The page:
2019 Nissan Leaf e+ review: price, specs and release date

To keep up in the electric car arms race, the Nissan Leaf gets more range, thanks to a larger-capacity battery. Does this make the e+ more appealing than the regular model?...

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John Howell
19 June 2019

2019 Nissan Leaf 62kWh front driving

Priced from £39,395 (before £3500 gov. grant) Release date Now

Electric cars, such as the new Nissan Leaf e+, may not be the panacea for the crisis of climate change, but they can certainly help, even if only on a local level, to clean up the air in our cities. It’s a good job, then, that we’re in the midst of an electric car arms race.

What do we mean by that? It’s all about range. Just five years ago, tackling the London-to-Brighton run in a Kia Soul EV would’ve been pushing it. Then along came Tesla and simply blew away the mainstream manufacturers with the ever-increasing range of its Model S. And now they're catching up – fast.

The Kia e-Niro, our 2019 Car of the Year, is capable of covering around 280 miles between charges, according to the official WLTP test, as is its sister car, the Hyundai Kona ElectricSo, despite having been launched only last February, the regular Leaf's official range of 168 miles now looks feeble. The Leaf e+ increases it to a claimed 239 miles, thanks to a bigger battery – 62kWh over 40kWh.

2019 Nissan Leaf 62kWh side profile

2019 Nissan Leaf e+ 62kWh Tekna on the road

Are you harbouring the thought that electric cars are a bit leisurely? If so, you’ll be surprised by just how determinedly they pull away. With 214bhp, the Leaf e+ is 66bhp more powerful than the standard Leaf, so it's as quick off the line as the e-Niro. If you keep the accelerator pinned between 30 and 50mph, you have to hang onto the steering wheel to stop the car jinking left and right as its front wheels struggle to maintain grip.

Sadly, this is largely where the plus points end. While you’d think the e+ would handle and ride similarly to the regular Leaf, there are actually key differences. 

The suspension has been raised and stiffened to help deal with the extra 90kg brought about by the bigger battery; that’s a lot of extra weight, and the first thing you notice is that the car leans more through corners. It feels noticeably less stable than the e-Niro, which isn’t exactly the nimblest of cars itself.

At least the steering maintains its intuitive and predictable nature, whether you’re trying to keep straight on a free-flowing motorway or cutting cross-country to avoid another delay.

Then there’s the ride. The regular Leaf isn’t a match for the supple Volkswagen e-Golf, but it’s reasonably soft and forgiving nevertheless. However, the suspension of the e+ seems unable to control its extra mass over undulations, the result being that at speed, even on relatively smooth stretches of road, it’s like sitting astride a mechanical bull set to beginner: you’re not going to fall out of the seat, but you're rocked continually this way and that. At least the ride isn’t overtly abrupt over divots or dents at urban speeds.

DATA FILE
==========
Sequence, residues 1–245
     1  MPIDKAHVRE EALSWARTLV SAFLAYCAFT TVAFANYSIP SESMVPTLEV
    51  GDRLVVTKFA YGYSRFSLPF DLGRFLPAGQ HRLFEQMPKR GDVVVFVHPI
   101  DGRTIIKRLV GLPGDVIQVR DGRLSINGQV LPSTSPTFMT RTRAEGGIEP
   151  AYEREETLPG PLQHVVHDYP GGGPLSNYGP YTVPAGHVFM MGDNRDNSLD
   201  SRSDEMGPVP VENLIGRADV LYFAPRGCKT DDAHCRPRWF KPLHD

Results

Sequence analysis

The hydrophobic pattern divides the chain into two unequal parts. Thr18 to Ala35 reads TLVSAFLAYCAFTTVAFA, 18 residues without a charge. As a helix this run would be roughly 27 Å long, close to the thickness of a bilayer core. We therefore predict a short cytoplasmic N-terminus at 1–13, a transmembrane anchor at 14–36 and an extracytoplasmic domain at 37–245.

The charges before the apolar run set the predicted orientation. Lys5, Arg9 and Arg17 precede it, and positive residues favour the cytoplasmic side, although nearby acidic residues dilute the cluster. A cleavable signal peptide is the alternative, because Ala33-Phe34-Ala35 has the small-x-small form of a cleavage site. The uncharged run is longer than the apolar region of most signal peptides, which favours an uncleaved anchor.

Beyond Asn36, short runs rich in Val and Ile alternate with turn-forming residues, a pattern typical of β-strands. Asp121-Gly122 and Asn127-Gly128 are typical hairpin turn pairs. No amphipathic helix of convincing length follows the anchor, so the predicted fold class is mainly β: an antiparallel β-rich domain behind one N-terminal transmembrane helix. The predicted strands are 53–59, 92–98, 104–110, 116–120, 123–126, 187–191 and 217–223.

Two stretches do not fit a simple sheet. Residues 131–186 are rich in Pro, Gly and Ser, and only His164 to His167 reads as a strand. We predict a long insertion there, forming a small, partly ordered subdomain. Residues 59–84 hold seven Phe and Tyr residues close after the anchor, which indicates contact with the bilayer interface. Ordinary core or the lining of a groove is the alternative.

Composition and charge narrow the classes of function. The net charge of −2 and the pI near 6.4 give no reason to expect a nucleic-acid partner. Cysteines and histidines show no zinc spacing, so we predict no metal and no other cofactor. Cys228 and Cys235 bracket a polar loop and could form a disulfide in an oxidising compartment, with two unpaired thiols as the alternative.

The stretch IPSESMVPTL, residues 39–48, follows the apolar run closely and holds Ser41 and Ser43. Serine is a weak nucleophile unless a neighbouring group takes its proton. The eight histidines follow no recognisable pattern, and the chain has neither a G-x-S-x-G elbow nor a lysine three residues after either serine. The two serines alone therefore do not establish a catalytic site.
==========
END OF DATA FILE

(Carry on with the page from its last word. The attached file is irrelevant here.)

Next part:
Without a combustion engine creating a hullabaloo, the Leaf is also quiet around town. The remote-feeling brake pedal can make it tricky to stop gracefully, but wind noise at speed is the car's worst trait. At least you won’t hear much in the way of road noise.

The e+'s bigger battery obviously means it takes longer to charge; it needs 90 minutes to get from 20-80% using a 50kW public rapid charger, rather than the hour of the regular Leaf.

It’s also worth pointing out that the CSS chargers used by the e-Niro and Kona Electric are quicker and more common than the Leaf's Chademo plugs. The e+ can take a faster charging rate, of up to 100kW, however, from the latest generation of rapid chargers that are now being rolled out at service stations across the UK.

2019 Nissan Leaf 62kWh dashboard

2019 Nissan Leaf e+ 62kWh Tekna interior

The e+ comes only in top-spec Tekna trim, so it’s very well equipped, including LED headlights, leather-and-suede seats, tinted glass, heated front seats and a heated steering wheel. It also gets Nissan's ProPilot system, which enables the Leaf to assist its driver with steering, accelerating and braking on the motorway.

The infotainment suite is also comprehensively equipped, including an 8.0in touchscreen with Apple CarPlay and Android Auto (although the former froze several times in our test car), but the systems of the e-Niro and Kona Electric are better, not least because they have more intuitive menus. 

The Leaf has room for a family of four, but head room in the rear isn’t great for people more than 6ft tall. And while the boot is a decent size, the Bose sound system you get as standard in the e+ includes a subwoofer awkwardly bolted onto the floor.

Other common issues to all Leafs, not just the e+, include the flawed driving position, which feels too high and has no reach adjustment for the steering wheel, and so-so interior quality; a few iffy materials and a wobbly centre console let the side down.

For a more detailed account of the Leaf range, head to our main review.


Next: 2019 Nissan Leaf e+ verdict >

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